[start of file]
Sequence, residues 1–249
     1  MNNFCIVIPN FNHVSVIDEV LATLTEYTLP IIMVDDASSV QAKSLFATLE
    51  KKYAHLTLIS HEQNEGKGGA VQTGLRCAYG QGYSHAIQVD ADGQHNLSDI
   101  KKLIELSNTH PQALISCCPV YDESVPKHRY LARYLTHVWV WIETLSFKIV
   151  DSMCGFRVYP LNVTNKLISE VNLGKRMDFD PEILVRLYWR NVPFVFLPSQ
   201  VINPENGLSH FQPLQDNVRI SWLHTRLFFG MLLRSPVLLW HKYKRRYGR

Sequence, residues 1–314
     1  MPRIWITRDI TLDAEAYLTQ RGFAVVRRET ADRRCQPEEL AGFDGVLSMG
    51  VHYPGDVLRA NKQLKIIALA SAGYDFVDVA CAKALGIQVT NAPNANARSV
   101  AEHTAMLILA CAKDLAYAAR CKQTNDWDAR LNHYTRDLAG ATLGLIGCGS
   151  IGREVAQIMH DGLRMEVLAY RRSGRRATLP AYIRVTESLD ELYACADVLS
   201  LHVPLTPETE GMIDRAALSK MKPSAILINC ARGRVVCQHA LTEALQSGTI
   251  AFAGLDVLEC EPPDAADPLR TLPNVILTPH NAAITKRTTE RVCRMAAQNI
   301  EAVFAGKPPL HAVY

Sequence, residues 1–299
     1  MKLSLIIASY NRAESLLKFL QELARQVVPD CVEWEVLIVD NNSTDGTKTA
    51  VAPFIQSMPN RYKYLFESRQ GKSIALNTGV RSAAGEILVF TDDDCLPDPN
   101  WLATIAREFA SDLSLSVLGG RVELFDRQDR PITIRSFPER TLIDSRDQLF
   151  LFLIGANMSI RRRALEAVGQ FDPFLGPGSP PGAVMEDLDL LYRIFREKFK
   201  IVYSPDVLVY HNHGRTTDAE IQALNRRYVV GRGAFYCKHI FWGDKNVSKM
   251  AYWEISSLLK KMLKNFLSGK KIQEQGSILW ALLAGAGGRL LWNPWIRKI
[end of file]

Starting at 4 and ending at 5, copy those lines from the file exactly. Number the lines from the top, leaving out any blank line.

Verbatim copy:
   101  KKLIELSNTH PQALISCCPV YDESVPKHRY LARYLTHVWV WIETLSFKIV
   151  DSMCGFRVYP LNVTNKLISE VNLGKRMDFD PEILVRLYWR NVPFVFLPSQ